shaken & stirred

welcome to my martini glass

4.26.2005

a piece of advice & talking about oprah*

Do not make a big deal out of how girls can mow the lawn too and proceed to do an okay job at it, because the only thing you have accomplished is proving that yes, you can mow the lawn. Which really isn't all that fun.

Unrelatedly: All the Oprah Book Club bashing that's going on is troubling me. I don't think making generalizations about what kind of books are better than other kinds of books and what kind of reader is better than what other kind of reader is all that useful. Here's how I think about it. Whether you love or hate Harry Potter, you must admit that J.K. Rowling's books get people into bookstores--more than that, they got them into a section of the bookstore many of them hadn't been in before, the Young Adult/Teen section. Which is now a booming genre full of great books. Rowling's books made room for more books. They created a market.

I think Oprah's BC had to have at least a somewhat similar effect on literary fiction (which, whether you think her picks good or bad, is where most of them are shelved). Not to mention increasing the odds that a publisher might take a chance on a literary manuscript, because one)there was a slim possibility it would be chosen by O or two)they'd had a book picked by O already that gave them more capital to spend and less need to make a profit on every other book. (I do not pretend to be a businesswoman, so my analysis may be faulty here -- as may ALL my analysis, all the time. That doesn't stop me.)

Oprah knew her audience and picked books they would like; I honestly do not think that if the word of mouth among book clubs and Oprah readers on her first few titles had been bad that they would have continued to sell as they do. You can show me figures that dispute that, but until I see them, I'm choosing to think that if the books weren't connecting with these people, they wouldn't have continued to buy them. Dismissing a book entirely, just because it isn't your cup of tea (even though many intelligent people have liked it), seems a little silly to me. It reminds me of nothing so much as people who ghetto-ize genre fiction in general.

Perhaps the thing that bugs me most though is the assertion that these people were buyers, not readers. Buyers have a place and can still end up having an effect that helps readers, not to mention writers. Also, I think some of those people probably did turn into habitual readers. And that makes it worth it. I really DON'T see any negative effect from Oprah's Book Club, except perhaps the fact that we're still talking about the tiff with J. Franz so many years later.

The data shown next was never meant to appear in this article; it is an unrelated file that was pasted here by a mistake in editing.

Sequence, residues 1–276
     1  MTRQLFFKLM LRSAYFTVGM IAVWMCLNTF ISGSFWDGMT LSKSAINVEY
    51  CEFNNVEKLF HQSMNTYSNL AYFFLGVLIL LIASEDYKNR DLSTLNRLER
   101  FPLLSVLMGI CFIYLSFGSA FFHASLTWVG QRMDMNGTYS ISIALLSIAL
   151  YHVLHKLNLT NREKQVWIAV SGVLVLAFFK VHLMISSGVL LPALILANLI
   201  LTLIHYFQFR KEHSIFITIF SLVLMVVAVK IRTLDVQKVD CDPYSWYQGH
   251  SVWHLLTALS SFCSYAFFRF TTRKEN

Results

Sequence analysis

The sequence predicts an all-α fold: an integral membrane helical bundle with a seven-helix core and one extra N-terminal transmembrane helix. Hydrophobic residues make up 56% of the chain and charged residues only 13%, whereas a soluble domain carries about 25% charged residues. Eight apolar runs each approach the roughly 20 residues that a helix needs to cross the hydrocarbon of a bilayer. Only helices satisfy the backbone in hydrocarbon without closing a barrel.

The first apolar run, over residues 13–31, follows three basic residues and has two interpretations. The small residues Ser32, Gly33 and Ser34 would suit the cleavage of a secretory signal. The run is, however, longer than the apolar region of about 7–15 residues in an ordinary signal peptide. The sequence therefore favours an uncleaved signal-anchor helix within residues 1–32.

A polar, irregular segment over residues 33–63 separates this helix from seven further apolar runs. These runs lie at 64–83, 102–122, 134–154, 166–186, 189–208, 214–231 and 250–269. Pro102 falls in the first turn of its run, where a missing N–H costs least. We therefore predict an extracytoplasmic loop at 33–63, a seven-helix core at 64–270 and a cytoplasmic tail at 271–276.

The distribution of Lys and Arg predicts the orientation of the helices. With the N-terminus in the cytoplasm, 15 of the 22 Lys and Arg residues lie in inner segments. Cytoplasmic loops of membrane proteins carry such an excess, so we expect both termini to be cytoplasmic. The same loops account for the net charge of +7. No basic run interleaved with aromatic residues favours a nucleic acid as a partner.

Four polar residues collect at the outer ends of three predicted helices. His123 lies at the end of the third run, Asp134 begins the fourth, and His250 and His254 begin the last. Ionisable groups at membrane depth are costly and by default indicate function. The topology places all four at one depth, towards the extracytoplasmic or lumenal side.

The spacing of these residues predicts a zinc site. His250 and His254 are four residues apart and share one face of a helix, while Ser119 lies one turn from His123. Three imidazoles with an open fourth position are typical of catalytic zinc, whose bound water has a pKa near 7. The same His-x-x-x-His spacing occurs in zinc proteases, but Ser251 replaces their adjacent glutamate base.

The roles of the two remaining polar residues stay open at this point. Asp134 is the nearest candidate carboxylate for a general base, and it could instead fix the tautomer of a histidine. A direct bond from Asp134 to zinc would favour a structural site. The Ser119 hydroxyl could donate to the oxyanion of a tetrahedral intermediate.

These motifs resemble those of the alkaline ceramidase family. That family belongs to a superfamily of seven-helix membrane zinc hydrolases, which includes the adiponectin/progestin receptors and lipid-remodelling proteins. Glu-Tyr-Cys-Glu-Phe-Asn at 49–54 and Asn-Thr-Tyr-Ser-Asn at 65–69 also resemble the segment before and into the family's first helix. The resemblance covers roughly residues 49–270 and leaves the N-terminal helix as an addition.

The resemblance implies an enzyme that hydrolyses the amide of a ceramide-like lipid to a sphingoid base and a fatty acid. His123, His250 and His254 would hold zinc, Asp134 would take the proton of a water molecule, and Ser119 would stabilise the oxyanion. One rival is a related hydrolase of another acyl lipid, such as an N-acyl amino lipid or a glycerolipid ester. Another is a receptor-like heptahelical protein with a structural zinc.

Good day, everybody.

*This morning, I forgot to add that I once witnessed two girls beat the literal hell out of each other on the L after one of them said bad things about Oprah and wouldn't take them back. Just saying...

8 Comments:

  • At 8:20 AM , Blogger Justine Larbalestier said...

    Spot on, Ms Bond. I don't think your analysis is faulty at all. The O book club bashing is tedious.

     
  • At 9:27 AM , Anonymous eek said...

    People are still bashing the O Club? That's so 2001!

     
  • At 1:26 PM , Anonymous Kevin Holtsberry said...

    My wife and I try to split up the chores so there is no confusion whose responsible for what. When given the choice between mowing the lawn and picking up after two dogs she gladly picked the lawn.

    And, although I am not a fan of Oprah, I too find the bashing a bit much.

     
  • At 2:01 PM , Anonymous the Happy Booker said...

    Excellent points. Thanks for posting this. You may want tp check out MJ's blog (http://mjroseblog.typepad.com/buzz_balls_hype/) today, she responds as well.

     
  • At 5:20 PM , Blogger Chris McLaren said...

    I totally agree with what you said...

    BUT, I reserve the right to mock people who will only read things that Oprah has blessed.

    C.

     
  • At 6:03 PM , Blogger gwenda said...

    As well you should, Chris -- still bearing in mind that they'd be better read than most people(!).

    It's the venom I find so troubling.

     
  • At 7:52 PM , Anonymous scott said...

    As you say, getting non-readers into the habit of talking about, thinking about, and buying fiction is a good thing for authors and for society. Fifty percent of American adults have not read a novel since high school; anything that brings that number down is positive. That goes for Rowling, Oprah, R.L. Stine, and even (argh) Dan Brown.

    Just one quibble: "I once witnessed two girls beat the literal hell out of each other on the L"

    So wait, demons were issuing forth from their wounds?

     
  • At 11:00 AM , Blogger Bill S. said...

    It seems to me that the most venomous reactions seem to be from men; I have to wonder whether part of it isn't just old fashioned sexism.

    I know a number of people (all women) who used to circulate the books among themselves, but not buying them. This includes my former roommate and my mom. While this is a limited sample (they were all college-educated women who read a fair amount of fiction otherwise), I never got the impression that anybody bought the books and didn't read them. They didn't read the books because they were neccessarilly fans of Oprah, but because Oprah chose a certain type of book that, for whatever reason, spoke to their concerns. I think if anybody dismisses that by saying that it was just because of the Oprah seal of approval, they are sort of missing the point.

    And contrary to what some have suggested, somehow I doubt my mom would have been much interested in William T. Vollman, even if Oprah had ever endorsed him.

     

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